Day long interaction between Corporates, NGOs and other Stakeholders considered fruitful by most participants
MUMBAI: The 4th Annual CSR Conference organized by the Indo-American Chambers of Commerce (IACC) held in The Taj Mahal Palace Hotel, Mumbai on July 10, 2017 turned the spotlight on two of the most important issues currently in focus with regard to social initiatives by corporates – the significance of collaboration & teamwork, and the role that technology can play in the process.
The Conference, attended by a cross section of representatives from industry, government, non-profit organizations in the social sector and social enterprises, researchers, educationists and others was based on the theme “Partners for Change: Leveraging Leadership, Teamwork and Technology for Effective CSR”.
Two key presentations at the Conference were the Inaugural Address by Chief Guest Shri Raje Ambrish Rao, Honorable Minister of State, Department of Tribal Development & Forest Development, Government of Maharashtra, and the Keynote Address delivered by Reema Nanavaty, Director, SEWA.
A context setting introduction was presented by Madhulika Gupta, Conference Chairperson. Other prominent speakers included Ranjit Shahani, Vice Chairman & MD, Novartis, Puja Marwaha, CEO, CRY, Sunil Mehta, CMD, SPM Capital Advisers Pvt Ltd, Abhishek Agarwal, Country Director, Accion India, Nehal Sanghavi, USAID and others.
In his Welcome Speech, Sunder Advani, CMD, Advani Hotels & Resorts (I) Ltd, and also President, IACC-WIC spoke about how concepts related to social involvement of corporates had moved from “cheque book philanthropy” to “strategic philanthropy” and now many companies had CSR teams or CSR specialists on Boards.
Speaking at the inauguration, Chief Guest Shri Raje Ambrish Rao said that there was “tremendous scope for the government, industry and social organizations to work together”, especially in “rural India where 70% of the population lives”. Programmes for tree plantation or to implement important government schemes like Swachch Bharat or construction of toilets in rural villages could be taken up. He urged all present “to work together to create a Maharashtra and an India that all can be proud of”.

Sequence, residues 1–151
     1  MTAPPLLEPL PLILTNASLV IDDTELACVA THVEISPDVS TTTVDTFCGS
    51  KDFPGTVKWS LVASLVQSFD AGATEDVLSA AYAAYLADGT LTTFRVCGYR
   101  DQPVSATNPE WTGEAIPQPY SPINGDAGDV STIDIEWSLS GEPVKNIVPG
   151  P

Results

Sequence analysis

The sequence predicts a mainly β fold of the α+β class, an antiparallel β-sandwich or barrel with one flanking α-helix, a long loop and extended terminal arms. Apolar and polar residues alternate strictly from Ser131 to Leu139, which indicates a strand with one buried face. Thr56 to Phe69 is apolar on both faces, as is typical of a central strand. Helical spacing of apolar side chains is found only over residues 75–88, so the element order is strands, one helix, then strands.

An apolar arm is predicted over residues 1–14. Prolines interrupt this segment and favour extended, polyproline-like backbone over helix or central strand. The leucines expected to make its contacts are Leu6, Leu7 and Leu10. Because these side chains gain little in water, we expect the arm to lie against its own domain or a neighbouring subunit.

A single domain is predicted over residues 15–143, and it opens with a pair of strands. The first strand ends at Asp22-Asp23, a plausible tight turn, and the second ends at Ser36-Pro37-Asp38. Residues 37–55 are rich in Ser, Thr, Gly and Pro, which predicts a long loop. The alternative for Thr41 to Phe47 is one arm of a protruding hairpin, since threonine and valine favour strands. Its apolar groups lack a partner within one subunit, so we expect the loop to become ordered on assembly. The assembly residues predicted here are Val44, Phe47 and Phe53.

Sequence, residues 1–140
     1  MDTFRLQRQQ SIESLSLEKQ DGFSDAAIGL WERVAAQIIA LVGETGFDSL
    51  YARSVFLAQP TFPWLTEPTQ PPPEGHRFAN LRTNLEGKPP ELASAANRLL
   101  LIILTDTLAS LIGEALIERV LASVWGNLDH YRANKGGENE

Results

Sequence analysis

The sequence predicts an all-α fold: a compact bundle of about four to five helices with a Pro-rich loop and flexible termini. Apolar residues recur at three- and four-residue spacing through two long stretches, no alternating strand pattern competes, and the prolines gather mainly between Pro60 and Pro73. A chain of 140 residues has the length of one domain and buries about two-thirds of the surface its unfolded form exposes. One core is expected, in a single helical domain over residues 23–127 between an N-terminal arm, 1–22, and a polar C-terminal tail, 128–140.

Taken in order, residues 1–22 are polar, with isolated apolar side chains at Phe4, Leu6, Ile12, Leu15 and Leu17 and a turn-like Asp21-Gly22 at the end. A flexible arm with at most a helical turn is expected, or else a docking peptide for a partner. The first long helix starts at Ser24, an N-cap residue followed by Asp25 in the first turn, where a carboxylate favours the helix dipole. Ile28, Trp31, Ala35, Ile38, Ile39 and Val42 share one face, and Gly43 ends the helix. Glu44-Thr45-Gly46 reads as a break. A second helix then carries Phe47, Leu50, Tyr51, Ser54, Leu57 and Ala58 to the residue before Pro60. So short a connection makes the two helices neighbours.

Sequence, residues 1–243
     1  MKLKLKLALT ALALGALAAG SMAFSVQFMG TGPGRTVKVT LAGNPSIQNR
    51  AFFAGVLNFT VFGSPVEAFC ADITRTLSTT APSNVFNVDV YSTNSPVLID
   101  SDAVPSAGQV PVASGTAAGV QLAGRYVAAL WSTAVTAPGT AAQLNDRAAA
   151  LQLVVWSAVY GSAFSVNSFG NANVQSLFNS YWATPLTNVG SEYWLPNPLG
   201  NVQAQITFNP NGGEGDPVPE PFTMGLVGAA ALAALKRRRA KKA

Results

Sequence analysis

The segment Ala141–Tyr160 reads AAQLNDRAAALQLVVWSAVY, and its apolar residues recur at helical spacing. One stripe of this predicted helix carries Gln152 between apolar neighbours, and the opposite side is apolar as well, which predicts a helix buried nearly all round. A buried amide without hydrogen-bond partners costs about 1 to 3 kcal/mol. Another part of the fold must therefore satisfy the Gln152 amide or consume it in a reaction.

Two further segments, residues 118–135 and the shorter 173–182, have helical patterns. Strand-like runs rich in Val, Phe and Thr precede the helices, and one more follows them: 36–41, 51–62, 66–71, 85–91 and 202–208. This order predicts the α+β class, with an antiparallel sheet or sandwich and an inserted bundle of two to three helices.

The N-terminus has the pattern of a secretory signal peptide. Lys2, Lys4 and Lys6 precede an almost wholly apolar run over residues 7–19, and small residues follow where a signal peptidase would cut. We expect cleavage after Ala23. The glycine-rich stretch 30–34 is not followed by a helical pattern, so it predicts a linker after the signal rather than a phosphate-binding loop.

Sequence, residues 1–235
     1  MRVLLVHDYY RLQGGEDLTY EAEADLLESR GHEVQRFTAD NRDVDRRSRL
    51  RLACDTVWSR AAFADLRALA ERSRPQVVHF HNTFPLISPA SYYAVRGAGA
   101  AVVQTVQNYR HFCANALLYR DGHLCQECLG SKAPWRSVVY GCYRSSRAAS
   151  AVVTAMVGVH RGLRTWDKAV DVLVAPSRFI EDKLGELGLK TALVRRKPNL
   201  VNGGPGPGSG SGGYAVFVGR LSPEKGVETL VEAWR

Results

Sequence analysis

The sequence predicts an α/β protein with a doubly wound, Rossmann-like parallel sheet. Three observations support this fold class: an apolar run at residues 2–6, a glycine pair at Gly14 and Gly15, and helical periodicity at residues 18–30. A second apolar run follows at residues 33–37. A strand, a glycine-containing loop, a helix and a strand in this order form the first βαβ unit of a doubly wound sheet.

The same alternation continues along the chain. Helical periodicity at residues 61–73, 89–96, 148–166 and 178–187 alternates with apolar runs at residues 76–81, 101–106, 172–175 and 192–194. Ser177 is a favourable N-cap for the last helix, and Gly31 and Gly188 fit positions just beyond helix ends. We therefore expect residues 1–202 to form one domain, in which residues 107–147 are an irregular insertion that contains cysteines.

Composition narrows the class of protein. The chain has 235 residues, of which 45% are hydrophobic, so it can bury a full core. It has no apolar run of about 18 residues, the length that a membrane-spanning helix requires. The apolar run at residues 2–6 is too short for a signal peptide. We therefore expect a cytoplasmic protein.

Veteran social activist Reema Nanavaty stressed that efforts should be focused on “building community based enterprises” – collectives formed by the disadvantaged and underprivileged which would help them make economic gains. The stress should be on “developing self-reliance, and inculcating social values such as truth and non violence”. She emphasized that the “poor do not want charity”, but need to be empowered so they can “earn adequately and live a life of dignity and self-respect”.
The Conference concluded with a fairly wide consensus that the corporate sector, government and social sector needed to work together, using various levels of tripartite collaboration to address the social needs of the underprivileged sections of society. While new technology, particularly the use of mobile based internet systems, have opened up many new avenues for identifying problems, creating delivery mechanisms and tracking and analyzing effectiveness of implementation, the methodology of assessment should consider not just immediate success, but also the less ‘measurable’ long term social impact.
A summary of the Panel Discussions:
The Health Sector
The first panel focused attention on why India remained backward in terms of health and other social parameters despite economic growth. Partnerships with social organizations could focus on specific issues and to achieve scale and countrywide impact existing, and often underutilized government and public sector networks such as the Post office, Indian Railways, health workers (ASHA) could be involved.
Collaboration and Team Spirit
The panel noted that industry and social organizations often had shared goals, but needed to develop common action programmes too. Increased interaction between the two sides has resulted in greater understanding, but there are still varied work styles and other gaps that need to be bridged.
Contemporary and emerging technologies have allowed new paradigms to be explored, and out of the box solutions applied to tackle existing social problems. Technology has improved the ability to implement projects on a far wider scale than was earlier possible and also enhanced the possibilities of tracking impact.
It was felt that not all social interventions could yield immediate economic dividends. Many non-profits were in fields that aimed to have longer term social impact, which could not be ‘measured’ in monetary terms. Levels of professionalism in the social sector have risen and so non-profits should not be embarrassed about claiming just rewards for what they added to the value chain.